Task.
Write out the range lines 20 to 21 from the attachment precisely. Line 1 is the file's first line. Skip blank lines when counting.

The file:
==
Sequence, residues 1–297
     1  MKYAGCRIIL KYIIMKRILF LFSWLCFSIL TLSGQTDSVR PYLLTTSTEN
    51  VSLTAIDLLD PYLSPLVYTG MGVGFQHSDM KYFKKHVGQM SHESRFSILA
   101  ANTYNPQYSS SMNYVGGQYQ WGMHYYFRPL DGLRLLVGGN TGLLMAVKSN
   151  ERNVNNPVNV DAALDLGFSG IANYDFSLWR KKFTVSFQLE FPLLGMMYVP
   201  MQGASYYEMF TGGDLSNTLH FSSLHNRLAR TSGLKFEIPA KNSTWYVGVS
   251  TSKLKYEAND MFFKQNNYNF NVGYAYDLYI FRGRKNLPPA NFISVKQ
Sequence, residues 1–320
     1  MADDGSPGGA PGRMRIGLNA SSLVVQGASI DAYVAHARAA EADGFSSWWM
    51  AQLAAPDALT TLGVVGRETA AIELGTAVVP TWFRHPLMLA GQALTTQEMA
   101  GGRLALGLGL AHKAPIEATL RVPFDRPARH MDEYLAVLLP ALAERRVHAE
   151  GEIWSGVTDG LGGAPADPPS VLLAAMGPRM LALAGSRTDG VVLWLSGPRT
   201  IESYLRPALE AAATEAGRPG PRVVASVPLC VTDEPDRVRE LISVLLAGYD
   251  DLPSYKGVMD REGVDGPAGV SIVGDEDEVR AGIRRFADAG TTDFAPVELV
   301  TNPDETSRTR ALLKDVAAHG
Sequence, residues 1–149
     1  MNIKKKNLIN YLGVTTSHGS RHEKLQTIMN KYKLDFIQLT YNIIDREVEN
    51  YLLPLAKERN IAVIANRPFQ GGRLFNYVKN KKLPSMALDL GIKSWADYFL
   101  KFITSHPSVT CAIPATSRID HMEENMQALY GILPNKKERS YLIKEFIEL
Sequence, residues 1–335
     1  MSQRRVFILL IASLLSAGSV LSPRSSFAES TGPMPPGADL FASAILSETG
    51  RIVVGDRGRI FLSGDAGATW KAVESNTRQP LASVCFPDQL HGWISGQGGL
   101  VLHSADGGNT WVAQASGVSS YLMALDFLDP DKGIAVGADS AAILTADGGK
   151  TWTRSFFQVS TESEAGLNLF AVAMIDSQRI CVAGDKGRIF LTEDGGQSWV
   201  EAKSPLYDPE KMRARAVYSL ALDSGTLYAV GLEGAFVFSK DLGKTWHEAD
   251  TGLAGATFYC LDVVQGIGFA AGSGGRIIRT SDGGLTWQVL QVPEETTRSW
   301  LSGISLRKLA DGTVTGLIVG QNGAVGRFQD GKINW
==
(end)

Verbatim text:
Sequence, residues 1–335
     1  MSQRRVFILL IASLLSAGSV LSPRSSFAES TGPMPPGADL FASAILSETG